God and Anger: An Exhortation

I heard once that “the measure of a man is not in the way he treats his superiors, but the way he treats his inferiors”. Spiritually speaking, some of us are stronger than others, the Bible says. To those who are spiritually “inferior” (that is, less mature, or weaker, or newer in faith) the strong have this obligation: bear with their failings, for this mirrors Christ. Christ bore our reproaches, and we should bear one another’s sins, failures and reproaches in a similar way. Like one organism, the body of Christ is meant to build itself up, cutting away all the little tumors of anger or bitterness that appear before they cause even more damage.

By Tiffany Wismer

With Russia back in the news in a big way, many people are wondering if recent events in eastern Europe have anything to do with end-times prophecy—and, if so, how? Much of the discussion has to do with an ancient prophecy from Ezekiel: “The word of the Lord came to me: ‘Son of man, set your face against Gog, of the land of Magog, the chief prince of Meshek and Tubal; prophesy against him and say: “This is what the Sovereign Lord says: I am against you, Gog, chief prince of Meshek and Tubal”’” (Ezekiel 38:1–3). The identities of “Gog,” “Magog,” “Meshek,” and “Tubal” are the key to fully understanding the prophecy.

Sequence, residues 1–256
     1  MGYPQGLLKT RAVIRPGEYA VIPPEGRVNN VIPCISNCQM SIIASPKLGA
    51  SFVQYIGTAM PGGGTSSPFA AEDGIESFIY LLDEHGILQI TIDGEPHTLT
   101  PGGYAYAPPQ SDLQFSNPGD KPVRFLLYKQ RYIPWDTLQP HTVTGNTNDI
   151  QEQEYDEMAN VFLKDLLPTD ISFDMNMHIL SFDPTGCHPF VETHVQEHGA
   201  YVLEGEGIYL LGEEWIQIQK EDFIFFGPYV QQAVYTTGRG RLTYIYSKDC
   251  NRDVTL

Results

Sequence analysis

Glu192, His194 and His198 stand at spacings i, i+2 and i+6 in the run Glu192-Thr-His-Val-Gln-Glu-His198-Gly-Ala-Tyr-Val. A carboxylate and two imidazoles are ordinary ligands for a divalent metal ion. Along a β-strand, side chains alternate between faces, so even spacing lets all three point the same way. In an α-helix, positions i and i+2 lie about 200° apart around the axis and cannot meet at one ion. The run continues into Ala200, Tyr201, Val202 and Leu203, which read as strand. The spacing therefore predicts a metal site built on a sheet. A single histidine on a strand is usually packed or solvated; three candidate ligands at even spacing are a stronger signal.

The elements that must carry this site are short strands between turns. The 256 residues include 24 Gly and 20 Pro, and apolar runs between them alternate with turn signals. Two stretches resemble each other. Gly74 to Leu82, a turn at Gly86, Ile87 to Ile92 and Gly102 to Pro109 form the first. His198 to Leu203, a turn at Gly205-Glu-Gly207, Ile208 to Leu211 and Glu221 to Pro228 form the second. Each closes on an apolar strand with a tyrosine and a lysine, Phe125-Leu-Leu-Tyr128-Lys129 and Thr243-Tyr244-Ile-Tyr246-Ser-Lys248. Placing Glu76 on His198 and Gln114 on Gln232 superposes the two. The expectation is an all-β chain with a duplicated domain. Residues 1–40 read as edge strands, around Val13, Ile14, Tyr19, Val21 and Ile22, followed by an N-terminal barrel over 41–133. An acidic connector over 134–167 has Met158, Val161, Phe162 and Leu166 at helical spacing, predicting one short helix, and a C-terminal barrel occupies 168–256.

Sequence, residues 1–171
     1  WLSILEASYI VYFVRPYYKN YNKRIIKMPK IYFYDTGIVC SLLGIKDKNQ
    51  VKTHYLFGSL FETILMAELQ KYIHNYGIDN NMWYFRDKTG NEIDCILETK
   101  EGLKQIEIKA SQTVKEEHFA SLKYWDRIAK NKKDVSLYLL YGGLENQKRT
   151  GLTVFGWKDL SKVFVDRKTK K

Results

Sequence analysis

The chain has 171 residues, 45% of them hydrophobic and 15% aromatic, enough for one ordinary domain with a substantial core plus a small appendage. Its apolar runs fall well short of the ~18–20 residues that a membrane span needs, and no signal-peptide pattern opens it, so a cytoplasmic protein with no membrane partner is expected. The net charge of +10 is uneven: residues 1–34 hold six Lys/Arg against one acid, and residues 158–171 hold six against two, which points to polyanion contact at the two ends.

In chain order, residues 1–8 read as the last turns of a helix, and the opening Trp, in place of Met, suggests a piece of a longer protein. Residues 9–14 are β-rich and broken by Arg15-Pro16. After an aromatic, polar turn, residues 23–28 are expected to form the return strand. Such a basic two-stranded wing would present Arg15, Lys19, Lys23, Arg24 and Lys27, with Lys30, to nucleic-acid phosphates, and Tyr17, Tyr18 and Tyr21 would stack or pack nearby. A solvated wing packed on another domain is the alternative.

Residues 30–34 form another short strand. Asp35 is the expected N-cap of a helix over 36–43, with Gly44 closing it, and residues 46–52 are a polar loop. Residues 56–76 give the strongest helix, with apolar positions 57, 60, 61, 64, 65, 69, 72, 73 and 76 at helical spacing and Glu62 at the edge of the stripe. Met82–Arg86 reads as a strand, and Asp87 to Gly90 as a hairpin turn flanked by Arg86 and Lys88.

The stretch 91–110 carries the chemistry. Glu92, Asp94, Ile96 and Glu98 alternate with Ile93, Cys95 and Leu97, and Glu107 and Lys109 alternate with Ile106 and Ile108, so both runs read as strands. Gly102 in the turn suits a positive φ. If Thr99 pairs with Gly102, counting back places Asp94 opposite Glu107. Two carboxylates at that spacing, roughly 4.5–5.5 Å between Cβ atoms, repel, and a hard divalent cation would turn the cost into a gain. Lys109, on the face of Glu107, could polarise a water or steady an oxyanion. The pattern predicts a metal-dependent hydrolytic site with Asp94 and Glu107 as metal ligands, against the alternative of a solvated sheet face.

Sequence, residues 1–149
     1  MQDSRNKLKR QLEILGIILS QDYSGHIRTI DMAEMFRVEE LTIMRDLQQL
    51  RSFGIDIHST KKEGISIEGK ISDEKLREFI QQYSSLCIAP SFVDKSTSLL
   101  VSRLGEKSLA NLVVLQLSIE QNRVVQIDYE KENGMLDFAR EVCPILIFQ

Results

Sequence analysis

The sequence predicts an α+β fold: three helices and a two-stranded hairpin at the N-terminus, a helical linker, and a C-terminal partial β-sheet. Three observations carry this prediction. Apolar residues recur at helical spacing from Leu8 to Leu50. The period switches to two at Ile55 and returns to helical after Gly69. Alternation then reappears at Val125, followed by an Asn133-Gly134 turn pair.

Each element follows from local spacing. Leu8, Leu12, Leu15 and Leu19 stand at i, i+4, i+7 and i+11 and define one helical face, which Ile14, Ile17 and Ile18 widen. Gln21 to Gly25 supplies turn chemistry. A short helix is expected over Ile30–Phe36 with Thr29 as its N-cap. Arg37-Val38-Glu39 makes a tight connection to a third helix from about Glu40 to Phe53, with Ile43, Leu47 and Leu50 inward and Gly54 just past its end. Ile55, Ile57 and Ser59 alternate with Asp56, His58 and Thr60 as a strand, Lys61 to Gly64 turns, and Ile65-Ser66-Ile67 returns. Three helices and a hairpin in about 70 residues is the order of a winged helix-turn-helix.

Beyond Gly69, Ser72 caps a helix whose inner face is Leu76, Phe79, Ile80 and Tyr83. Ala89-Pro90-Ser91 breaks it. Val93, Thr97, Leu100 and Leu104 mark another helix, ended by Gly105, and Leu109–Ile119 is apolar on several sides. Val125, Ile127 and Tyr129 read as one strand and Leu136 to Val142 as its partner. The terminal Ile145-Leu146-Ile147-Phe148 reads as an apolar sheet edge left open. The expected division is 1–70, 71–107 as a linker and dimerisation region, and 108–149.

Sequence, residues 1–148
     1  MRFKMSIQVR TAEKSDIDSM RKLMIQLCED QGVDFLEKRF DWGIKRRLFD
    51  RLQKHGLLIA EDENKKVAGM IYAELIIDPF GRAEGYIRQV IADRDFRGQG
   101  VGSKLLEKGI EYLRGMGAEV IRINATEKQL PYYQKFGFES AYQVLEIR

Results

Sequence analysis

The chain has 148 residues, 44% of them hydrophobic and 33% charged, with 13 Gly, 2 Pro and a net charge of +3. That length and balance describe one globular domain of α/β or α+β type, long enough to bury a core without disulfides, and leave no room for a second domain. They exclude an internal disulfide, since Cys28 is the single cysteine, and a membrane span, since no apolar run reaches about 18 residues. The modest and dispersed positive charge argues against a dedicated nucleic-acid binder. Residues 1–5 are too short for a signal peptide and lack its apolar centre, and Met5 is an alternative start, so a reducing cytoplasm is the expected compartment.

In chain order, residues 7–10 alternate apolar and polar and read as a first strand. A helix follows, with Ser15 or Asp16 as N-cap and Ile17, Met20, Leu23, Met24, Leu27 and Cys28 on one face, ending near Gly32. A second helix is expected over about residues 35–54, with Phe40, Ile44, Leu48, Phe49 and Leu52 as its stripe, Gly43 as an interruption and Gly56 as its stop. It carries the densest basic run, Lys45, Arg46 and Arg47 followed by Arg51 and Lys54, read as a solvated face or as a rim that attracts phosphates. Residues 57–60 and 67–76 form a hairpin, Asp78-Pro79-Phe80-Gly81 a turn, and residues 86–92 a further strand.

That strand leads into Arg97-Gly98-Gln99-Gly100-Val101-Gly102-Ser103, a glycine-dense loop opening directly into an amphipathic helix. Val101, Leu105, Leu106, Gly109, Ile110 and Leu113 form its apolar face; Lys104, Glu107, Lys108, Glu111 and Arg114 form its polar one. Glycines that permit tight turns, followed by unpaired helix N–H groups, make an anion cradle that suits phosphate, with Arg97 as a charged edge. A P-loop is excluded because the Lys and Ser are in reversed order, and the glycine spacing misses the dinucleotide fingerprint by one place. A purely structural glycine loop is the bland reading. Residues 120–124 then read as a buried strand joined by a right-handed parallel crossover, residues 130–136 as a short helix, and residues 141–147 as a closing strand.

Gog is a person. Whoever Gog is, he is from the land of Magog and is the leader of Tubal and Meshek (some translations add “Rosh” to the list) and a confederacy of other nations: Persia, Cush, Put, Gomer, and Beth Togarmah (Ezekiel 38:5–6). And, whoever he is, he will have plans to “attack a peaceful and unsuspecting people,” viz., Israel (verses 11, 14, and 18). But, regardless of Gog’s plans, the Lord God is against him and will defeat him soundly (Ezekiel 38:4, 19–23; 39:3–5).

Magog is a land “in the far north,” from Israel’s point of view (Ezekiel 38:15; 39:2). Most Bible commentators interpret “Magog” as Russia—and, indeed, Russia is straight north of Israel, all the way up to the Arctic Circle. According to this view, “Rosh” is a reference to Russia, “Meshek” is either Moscow or the people north of the Black Sea (the area of southern Russia and Ukraine), and “Tubal,” which is always listed with Meshek in Scripture, is identified as a city in Siberia or an area in central Turkey.

Others see “Magog” as a general term used in Ezekiel’s day to identify barbarians living near the Black and Caspian Seas. Regardless of the exact locations of Magog, Tubal, and Meshek, there is no doubt that the general area includes portions of Russia and the former Soviet Union, and possibly some Arab countries.

So, yes, the Bible does mention Russia, although not by that name, in connection with the end times. Ezekiel 38—39 definitely refer to a nation coming from northern Asia to attack Israel. After the Cold War, Russia lost its superpower status, making the fulfillment of Ezekiel’s prophecy seem unlikely in some people’s eyes. However, recent events have shown that Russia is gaining strength, and many believe that the invasion of Crimea is just a first step in Russia’s plan to restore its dominance in that hemisphere. It is also interesting to note that, in the Soviet era, Moscow was solidly aligned with several Muslim countries in opposition to Israel. Since the breakup of the Soviet Union, Russia has continued to make overtures to the Muslim world.